Data visualisation allows you to condense complex and detailed data into something more simple, digestible and, when possible, beautiful.
But analysing huge data sets and turning them into something creative yet newsworthy can be a struggle and sometimes you need a little inspiration. That’s why I’m going to share with you five examples of good data visualisations to give you a clearer picture of what works.
1. Every Upcoming Solar Eclipse Until 2080
The Washington Post is notoriously good at data visualisation. By combining strong and relevant data and with interactive graphics, they are able to create hard-hitting, topical and interesting news stories. This particular piece was created after the August 2017 solar eclipse, which travelled from coast to coast across the US. The interactive spinning globe visualisation shows the eclipse’s path as well as all future eclipse paths until 2080. You can type in your date of birth and the graphic will show you the number of solar eclipses you are expected to see during your lifetime – pretty cool, right?
2. 8000 of Picasso’s Works
National Geographic is another publication that creates exciting and innovative graphics. The ‘8000 of Picasso’s Works’ piece grouped the artist’s work into 12 themes and was further divided into artistic subcategories, some of which include the titles of individual works. The size of each category is reflective of the number of artworks Picasso has produced within that given theme.
3. Terror Attack Deaths, Europe vs Africa (2017)
Simple yet so impactful. Media coverage is sometimes so directed towards your specific country rather than what is happening around the rest of the world. The terror attacks across Europe were not only publicised in British media but across the national and international press. However, we hear much less about the goings-on in other continents, such as Africa. This is a great data visualisation example, taking one hard-hitting metric and visualising it in a way that everyone can understand and be impacted by.
4. After Babylon
This particular example looked at the structural properties of language around the world. Puff Puff Project created a collection of interactive maps and charts using the World Atlas of Language Structures at the DensityDesign course 2013-14 . The maps and charts show all 2,678 languages around the world, where they are spoken, the population of speakers, the relationship between them and where they originate from. What’s good about this content is that it contextualises information that you never could have interpreted – due to the sheer amount of languages – into a digestible and easily readable format that everyone can understand.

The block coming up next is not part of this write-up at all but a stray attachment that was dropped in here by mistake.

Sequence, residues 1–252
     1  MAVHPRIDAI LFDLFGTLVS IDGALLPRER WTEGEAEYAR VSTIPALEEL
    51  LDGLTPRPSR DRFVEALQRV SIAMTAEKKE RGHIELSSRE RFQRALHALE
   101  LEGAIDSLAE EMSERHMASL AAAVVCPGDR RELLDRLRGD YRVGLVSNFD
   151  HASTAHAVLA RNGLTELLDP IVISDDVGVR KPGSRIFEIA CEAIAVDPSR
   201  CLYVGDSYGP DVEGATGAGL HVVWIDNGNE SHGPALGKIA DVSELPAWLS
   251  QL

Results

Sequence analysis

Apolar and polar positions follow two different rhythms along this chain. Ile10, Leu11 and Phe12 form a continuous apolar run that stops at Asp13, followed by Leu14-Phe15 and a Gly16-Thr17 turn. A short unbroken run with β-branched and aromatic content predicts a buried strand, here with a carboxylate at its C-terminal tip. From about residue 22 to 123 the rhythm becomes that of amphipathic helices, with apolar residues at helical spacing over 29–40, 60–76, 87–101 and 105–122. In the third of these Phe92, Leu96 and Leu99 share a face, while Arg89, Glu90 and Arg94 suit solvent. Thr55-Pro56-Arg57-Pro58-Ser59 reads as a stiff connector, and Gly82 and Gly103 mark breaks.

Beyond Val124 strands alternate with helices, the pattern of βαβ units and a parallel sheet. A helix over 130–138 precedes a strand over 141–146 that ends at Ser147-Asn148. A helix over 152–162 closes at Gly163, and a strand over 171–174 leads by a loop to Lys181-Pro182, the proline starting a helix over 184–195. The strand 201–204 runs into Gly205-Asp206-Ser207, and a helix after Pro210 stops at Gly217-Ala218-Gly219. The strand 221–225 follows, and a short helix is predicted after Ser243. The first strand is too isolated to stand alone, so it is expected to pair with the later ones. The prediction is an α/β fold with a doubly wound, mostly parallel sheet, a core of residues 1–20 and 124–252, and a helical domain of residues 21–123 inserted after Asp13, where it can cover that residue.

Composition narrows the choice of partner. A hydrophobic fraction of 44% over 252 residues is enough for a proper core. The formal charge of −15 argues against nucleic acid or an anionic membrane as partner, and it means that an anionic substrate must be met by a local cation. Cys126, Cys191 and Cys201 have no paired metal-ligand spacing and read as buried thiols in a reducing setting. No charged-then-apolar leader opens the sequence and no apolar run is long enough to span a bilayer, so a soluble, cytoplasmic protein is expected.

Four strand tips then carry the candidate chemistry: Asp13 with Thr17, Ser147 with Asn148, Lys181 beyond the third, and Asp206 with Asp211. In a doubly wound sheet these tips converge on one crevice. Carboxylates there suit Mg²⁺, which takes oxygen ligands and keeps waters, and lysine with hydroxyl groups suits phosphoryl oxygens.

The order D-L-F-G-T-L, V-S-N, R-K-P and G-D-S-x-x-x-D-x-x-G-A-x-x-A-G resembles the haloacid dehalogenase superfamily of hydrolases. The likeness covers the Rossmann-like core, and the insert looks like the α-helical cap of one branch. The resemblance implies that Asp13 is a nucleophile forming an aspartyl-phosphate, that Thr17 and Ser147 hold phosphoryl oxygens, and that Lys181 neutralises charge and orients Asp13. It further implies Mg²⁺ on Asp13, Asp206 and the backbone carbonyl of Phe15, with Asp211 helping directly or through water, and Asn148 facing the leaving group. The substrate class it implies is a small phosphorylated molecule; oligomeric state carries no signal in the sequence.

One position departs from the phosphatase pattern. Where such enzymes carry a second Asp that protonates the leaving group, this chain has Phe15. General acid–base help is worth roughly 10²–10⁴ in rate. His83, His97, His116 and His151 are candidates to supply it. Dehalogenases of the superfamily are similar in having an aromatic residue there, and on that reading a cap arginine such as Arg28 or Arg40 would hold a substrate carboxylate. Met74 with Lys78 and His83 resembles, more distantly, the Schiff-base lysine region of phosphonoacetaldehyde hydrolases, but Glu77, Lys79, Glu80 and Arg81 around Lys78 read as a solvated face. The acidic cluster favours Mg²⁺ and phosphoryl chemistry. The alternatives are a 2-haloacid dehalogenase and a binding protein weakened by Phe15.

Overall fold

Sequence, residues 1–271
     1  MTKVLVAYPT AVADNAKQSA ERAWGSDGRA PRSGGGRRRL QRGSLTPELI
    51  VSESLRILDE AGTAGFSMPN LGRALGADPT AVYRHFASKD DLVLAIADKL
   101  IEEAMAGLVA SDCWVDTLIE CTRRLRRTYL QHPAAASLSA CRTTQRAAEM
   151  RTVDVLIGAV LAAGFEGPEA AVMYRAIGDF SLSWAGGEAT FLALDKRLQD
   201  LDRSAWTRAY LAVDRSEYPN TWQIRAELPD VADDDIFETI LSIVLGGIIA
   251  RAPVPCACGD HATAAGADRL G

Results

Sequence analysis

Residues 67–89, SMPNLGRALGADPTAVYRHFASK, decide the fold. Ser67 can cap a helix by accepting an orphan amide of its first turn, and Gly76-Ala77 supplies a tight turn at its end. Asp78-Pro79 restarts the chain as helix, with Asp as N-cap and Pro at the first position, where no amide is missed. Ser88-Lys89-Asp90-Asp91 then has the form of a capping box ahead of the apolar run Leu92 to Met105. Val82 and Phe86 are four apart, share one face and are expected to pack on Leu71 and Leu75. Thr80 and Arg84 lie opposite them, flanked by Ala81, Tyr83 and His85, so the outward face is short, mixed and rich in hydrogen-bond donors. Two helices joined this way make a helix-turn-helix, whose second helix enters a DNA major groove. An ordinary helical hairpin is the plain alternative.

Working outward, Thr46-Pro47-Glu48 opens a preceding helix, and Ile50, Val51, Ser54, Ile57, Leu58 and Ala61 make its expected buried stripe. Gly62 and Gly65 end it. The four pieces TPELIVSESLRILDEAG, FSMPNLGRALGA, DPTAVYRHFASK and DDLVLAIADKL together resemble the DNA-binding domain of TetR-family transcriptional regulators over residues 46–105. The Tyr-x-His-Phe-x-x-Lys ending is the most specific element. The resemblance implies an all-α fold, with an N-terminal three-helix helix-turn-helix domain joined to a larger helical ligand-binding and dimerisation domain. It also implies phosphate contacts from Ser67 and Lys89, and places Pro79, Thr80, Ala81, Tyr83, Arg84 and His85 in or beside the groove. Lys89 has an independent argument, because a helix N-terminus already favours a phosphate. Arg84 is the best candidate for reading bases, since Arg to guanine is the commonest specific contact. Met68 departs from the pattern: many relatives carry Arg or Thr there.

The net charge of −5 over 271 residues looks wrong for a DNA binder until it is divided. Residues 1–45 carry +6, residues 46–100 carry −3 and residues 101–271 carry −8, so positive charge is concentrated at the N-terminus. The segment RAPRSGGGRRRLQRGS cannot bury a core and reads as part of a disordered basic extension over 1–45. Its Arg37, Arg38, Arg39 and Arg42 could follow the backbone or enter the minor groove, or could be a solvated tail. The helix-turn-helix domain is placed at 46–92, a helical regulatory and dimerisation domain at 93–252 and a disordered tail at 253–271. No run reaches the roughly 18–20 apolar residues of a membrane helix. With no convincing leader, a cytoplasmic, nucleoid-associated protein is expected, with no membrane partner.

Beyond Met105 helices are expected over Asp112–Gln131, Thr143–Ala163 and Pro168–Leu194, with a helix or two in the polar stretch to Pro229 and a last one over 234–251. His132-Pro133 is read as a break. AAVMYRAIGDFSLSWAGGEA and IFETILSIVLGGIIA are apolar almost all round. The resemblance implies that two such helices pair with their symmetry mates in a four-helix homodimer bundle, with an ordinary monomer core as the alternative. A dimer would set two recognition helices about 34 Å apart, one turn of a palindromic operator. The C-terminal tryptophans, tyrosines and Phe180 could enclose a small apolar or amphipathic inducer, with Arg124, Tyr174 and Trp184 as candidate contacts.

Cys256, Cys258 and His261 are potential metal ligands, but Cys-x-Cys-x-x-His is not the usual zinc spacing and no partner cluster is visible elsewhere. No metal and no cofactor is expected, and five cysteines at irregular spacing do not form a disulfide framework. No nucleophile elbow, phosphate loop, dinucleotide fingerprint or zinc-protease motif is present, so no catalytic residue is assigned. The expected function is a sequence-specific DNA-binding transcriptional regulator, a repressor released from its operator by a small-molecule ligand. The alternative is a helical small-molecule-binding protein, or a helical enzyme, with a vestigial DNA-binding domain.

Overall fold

5. The Language of Congress
Now, The Pudding is the big boy when it comes to data viz – they create super detailed and unique content like you’ve never seen before. This piece was really interesting, not only for the actual content but because of the number of different designs and amount of interactivity within the piece itself. They took Tweets from Congress and analysed them, creating a huge content piece that showed you the topics they were Tweeting about, which individual members of Congress were Tweeting the most about a certain topic, which party overall, which state, example tweets…you get the picture, it is a big content piece.
- Keep it simple: Data visualisation doesn’t need to be super complicated or detailed in order to work. Being able to take just one metric from a huge data set and visualise it in a way that is digestible to a wide audience is a real skill.
- Keep it interesting: Interactivity works really well for large data sets or if you are trying to show lots of different things.
- Keep it colourful: Colour is also a great way of making your data tell a story, so use it.
Some useful links
If you’re interested in finding out how you can use data visualisation in your own link building campaigns, our digital PR consultant Aliyah Loughlan has got you covered, with her recent blog on how to visualise data for a digital PR.
Some sites you can take inspiration from for good data visualisation examples include Data is Beautiful on Reddit and Information Is Beautiful. If you’re curious about how not to do data visualisation, try Data is Ugly on Reddit and Viz.Wtf.